Alinta Energy3 August 2011

Dear Mr Sarcich


Alinta Energy (Alinta) appreciates the opportunity to provide comment on the Department of Primary Industries review of the existing Victorian regulatory framework for energy distribution and retail activities against the proposed National Energy Customer Framework (NECF).

Alinta has over 2000 MW of generation facilities across Australia and New Zealand, and maintains over 600,000 retail energy customers in the Western Australian market. Alinta is progressing its growth strategy which will see it expand its retail business into the national energy markets. In this regard, Alinta received a licence to retail electricity in South Australia on 6th July 2011. Consequently, Alinta has a direct interest in the outcome of both the NECF, and State specific requirements, regarding the customer framework in energy markets.

One of the principle aims of the NECF framework is to remove the regulatory inconsistencies that increase the cost of compliance to retailers operating across jurisdictions. Alinta's preference is that unless there are both clear benefits to consumers, and that consumers in Victoria have specific requirements relative to other jurisdictions, then the arrangements for the NECF should be mirrored in the Victorian Market.

While Alinta acknowledges differences in the Victorian energy market may warrant the introduction of further statutory protections to those included in the national framework (eg to support the smart meter roll out), it is concerned that a number of the proposed Victoria-specific regulations provide an extra layer of obligations upon retailers which have not been supported by a cost benefit analysis.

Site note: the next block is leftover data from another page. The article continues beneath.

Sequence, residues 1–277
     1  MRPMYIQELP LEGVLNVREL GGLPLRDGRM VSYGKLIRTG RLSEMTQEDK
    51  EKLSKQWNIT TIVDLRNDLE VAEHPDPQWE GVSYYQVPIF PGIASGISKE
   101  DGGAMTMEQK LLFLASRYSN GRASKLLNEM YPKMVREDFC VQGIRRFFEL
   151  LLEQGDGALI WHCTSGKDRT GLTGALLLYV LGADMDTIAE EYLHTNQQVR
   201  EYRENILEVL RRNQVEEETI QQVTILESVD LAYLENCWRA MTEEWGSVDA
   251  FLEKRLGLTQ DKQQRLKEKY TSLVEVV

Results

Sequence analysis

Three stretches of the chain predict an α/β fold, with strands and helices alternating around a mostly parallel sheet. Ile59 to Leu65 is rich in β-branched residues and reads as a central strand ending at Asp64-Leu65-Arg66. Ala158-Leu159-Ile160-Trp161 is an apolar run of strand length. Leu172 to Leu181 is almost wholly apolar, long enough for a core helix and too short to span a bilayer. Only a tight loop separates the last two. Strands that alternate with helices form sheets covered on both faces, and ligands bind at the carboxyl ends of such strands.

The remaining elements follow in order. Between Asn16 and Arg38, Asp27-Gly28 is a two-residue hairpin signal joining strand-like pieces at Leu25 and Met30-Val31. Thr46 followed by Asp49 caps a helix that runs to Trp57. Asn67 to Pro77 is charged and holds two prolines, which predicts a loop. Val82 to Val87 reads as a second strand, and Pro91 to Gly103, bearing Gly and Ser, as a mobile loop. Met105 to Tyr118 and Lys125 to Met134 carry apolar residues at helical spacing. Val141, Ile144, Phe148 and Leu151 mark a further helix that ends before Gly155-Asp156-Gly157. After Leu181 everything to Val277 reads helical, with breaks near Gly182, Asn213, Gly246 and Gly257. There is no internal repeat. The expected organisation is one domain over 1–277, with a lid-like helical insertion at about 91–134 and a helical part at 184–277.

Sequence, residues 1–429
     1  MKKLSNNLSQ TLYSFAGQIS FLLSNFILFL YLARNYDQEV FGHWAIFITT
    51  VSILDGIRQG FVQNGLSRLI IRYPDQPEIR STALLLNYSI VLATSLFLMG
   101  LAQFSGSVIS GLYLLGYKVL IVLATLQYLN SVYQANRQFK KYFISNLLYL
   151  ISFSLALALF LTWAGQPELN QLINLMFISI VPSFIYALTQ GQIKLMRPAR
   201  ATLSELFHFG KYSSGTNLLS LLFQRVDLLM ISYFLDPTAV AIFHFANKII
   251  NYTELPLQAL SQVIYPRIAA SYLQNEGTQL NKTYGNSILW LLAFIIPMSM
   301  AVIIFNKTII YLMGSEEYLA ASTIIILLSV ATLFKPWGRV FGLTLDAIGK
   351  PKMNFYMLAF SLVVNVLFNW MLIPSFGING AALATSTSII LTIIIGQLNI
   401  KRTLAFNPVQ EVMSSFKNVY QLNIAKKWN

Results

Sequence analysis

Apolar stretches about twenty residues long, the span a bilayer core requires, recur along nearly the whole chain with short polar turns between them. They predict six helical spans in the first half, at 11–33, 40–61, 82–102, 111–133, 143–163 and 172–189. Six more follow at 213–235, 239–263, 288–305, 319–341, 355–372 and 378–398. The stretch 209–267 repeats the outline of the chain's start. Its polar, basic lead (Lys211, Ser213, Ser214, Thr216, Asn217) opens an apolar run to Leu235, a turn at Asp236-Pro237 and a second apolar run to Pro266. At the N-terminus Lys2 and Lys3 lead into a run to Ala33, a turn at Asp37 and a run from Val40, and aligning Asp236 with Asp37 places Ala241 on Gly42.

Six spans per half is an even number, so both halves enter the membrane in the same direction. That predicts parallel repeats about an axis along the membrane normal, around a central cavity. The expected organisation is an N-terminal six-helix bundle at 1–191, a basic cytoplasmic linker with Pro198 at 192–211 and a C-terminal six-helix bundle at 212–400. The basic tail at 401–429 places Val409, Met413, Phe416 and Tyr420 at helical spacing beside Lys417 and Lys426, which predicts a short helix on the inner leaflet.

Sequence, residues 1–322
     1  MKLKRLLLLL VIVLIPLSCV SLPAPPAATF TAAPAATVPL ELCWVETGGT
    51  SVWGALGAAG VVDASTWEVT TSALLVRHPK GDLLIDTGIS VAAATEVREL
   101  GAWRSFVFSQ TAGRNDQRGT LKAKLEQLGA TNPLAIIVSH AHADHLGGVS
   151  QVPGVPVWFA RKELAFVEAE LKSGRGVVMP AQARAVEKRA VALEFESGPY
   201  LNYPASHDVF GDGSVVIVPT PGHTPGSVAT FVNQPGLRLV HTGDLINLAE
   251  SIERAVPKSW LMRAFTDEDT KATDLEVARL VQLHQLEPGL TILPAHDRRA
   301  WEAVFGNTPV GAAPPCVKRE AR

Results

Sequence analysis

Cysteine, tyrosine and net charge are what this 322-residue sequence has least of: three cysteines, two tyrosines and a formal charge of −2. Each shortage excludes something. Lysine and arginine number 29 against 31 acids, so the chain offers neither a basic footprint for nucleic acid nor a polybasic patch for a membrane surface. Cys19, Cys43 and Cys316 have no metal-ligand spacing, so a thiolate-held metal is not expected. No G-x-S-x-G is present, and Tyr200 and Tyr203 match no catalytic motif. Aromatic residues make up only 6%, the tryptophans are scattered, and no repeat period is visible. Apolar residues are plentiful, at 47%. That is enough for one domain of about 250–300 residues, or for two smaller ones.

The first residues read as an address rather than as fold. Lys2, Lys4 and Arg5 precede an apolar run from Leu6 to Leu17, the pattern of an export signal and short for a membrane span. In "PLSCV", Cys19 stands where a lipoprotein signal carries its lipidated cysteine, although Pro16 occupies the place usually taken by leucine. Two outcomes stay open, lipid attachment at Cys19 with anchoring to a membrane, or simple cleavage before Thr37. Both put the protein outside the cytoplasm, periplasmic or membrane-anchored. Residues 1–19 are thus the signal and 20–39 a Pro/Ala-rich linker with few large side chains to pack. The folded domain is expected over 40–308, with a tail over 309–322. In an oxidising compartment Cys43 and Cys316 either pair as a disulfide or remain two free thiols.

Alinta's business model to retail energy to customers in NEM jurisdictions is to be based upon harnessing operational efficiencies within its business and customer service systems, allowing Alinta to offer affordable energy to consumers across multiple jurisdictions. A single national regulatory regime allows the Alinta business to offer its products across jurisdictions while developing its key systems subject to a single compliance regime. Increases in compliance costs as a result of duplicated regulatory requirements are borne by retailers, and are ultimately passed through to consumers.

In relation to the proposed Victorian derogations, Alinta is particularly concerned about the following:

  • retailer fees and charges on standing contracts, that is, prohibiting late payments fees and charges for merchant service fees;
  • continuation of the 2 month billing cycle for gas;
  • specific energy efficiency requirements in addition to the comprehensive NECF hardship policy;
  • the continuation of wrongful disconnection payments to customers; and
  • customer disconnection timeframes.

While Alinta is supportive of maintaining obligations against all of the above matters to ensure an adequate level of consumer protection, Alinta believes each of these items have been adequately addressed in the NECF framework. Any derogation from the NECF should result in consumer benefits which are outweighed by the costs of retailers managing additional requirements. There appears to be no justification for Victoria to move away from the NECF on the above matters.

Should you wish to discuss any of the above comments, please contact me on 08 9486 3762.

Yours sincerely

Michelle Shepherd

General Manager Regulatory Affairs

Alinta Sales Pty Ltd

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